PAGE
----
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The Crucial Role of Managerial Support in Bridging Higher Education to the Workplace

Apr 11, 2024

5-minute read

Neurodiversity in higher education and graduate recruitment

According to UCAS data for 2023, the number of accepted UK university applicants who identify with a disability has increased by 34% compared to 2022. Universities are increasingly focusing on diversity and inclusion in Higher Education (HE) to create an environment that promotes student success. However, the journey can be more challenging for neurodivergent students, who may struggle to navigate social interactions and manage their academic workload. A report by the National Centre for Learning Disabilities (2023) found that 46% of students with learning differences drop out. As many students may not have a formal diagnosis, universities offer assessments with educational psychologists to identify challenges and support strategies. However, as neurodivergent students enter the workforce, they may face environments that are not always conducive to success.

According to the Labour Force Survey from the Office for National Statistics (2021), employment statistics showed that approximately 52% of individuals with disabilities in the UK, aged between 16 and 64, were employed in 2020. The same report shows that only 21.7% of autistic people are in employment, highlighting the pervasive issue of workplace inclusivity in both recruitment and retention.

Bridging the gap

Addressing the needs of neurodivergent individuals requires a joint focus from both higher education institutions and employers. Universities are working to create inclusive and supportive environments for all students. This includes providing faculty and staff access to resources such as counselling services, academic accommodations, and neurodiversity awareness training. Companies should recognise the value that neurodivergent talent brings to the workforce and accommodate these individuals to make the transition from higher education to employment smoother. Research has found that nearly half of employers plan to increase their number of graduate hires (ISE and Handshake, 2022). An ISE survey (2020) revealed that not only do graduates contribute approximately one billion pounds to the UK economy, but they also found that graduate retention is high. Once a company has successfully recruited graduates, to maximise potential and retention, it’s essential to focus on their seamless integration into the workforce for successful integration. Graduate onboarding programs can involve a high number of people, making the role of supportive managers even more critical.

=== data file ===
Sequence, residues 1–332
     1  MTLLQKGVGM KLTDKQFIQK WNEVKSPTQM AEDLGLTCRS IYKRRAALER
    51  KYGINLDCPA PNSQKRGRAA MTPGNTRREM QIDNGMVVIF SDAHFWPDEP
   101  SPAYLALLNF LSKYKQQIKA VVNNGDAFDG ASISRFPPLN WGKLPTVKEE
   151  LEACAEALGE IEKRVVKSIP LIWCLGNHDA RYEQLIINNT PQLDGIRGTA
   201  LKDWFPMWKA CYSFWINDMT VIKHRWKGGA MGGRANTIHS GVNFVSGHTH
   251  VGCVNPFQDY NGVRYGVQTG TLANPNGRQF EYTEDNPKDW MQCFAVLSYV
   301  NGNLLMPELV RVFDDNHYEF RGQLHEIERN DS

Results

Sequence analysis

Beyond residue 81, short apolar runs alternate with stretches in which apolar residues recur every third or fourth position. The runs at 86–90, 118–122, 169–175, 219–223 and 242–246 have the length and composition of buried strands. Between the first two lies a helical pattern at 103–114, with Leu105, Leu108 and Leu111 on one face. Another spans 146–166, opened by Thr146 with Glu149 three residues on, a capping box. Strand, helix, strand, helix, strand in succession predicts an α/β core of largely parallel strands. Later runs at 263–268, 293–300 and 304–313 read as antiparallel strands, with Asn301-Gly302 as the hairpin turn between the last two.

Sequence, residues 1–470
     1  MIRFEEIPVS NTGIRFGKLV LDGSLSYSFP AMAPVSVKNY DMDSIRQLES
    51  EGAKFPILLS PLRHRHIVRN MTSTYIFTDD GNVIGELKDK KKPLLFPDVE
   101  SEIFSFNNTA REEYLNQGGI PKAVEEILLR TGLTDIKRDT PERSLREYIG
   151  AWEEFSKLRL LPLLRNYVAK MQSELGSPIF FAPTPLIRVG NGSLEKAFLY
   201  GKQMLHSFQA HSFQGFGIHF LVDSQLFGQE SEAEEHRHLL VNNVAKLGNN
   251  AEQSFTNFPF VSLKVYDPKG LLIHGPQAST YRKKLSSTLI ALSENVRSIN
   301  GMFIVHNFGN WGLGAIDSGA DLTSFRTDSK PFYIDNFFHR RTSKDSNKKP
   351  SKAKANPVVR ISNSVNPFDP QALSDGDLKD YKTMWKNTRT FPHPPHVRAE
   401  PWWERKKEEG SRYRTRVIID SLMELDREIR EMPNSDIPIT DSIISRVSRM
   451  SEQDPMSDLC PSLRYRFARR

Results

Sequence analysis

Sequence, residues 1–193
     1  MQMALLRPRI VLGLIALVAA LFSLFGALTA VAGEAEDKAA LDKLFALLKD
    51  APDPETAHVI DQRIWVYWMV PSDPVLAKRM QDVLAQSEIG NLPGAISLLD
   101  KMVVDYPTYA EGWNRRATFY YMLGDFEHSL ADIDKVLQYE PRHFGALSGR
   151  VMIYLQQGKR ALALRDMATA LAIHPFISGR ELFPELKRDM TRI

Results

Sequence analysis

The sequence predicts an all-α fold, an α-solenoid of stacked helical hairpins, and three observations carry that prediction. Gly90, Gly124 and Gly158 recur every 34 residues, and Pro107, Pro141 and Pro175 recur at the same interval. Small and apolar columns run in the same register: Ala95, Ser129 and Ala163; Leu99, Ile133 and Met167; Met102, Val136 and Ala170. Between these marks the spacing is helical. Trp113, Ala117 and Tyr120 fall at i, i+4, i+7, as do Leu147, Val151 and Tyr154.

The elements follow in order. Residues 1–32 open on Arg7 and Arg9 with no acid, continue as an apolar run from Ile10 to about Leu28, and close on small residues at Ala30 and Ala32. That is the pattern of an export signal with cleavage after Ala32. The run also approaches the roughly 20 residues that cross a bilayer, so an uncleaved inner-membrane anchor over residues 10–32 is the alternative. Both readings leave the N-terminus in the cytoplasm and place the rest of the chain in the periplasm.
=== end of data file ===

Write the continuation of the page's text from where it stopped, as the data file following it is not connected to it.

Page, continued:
Graduate onboarding

One of the major challenges of onboarding graduate employees is bridging the gap between their education and the workforce. Nearly 40% of recent graduates believe their college or university did an inadequate job of preparing them for the emotional or behavioral impact of the transition to the workplace (Mary Christie Institute, 2023). Graduates who enter the workforce directly from education often have less experience navigating situations where there are different requirements in terms of unwritten social rules, structured environments, and behavioural expectations, which may not always align with the dynamic nature of the workplace. As a result, there is less emphasis on passing assessments and more on the need to fit into an environment where success or mobility relies on visibility, networking, collaboration, and understanding the complexities of social communication. Because of this, adaptability becomes crucial for graduates as they make the transition from academic rigidity to professional flexibility.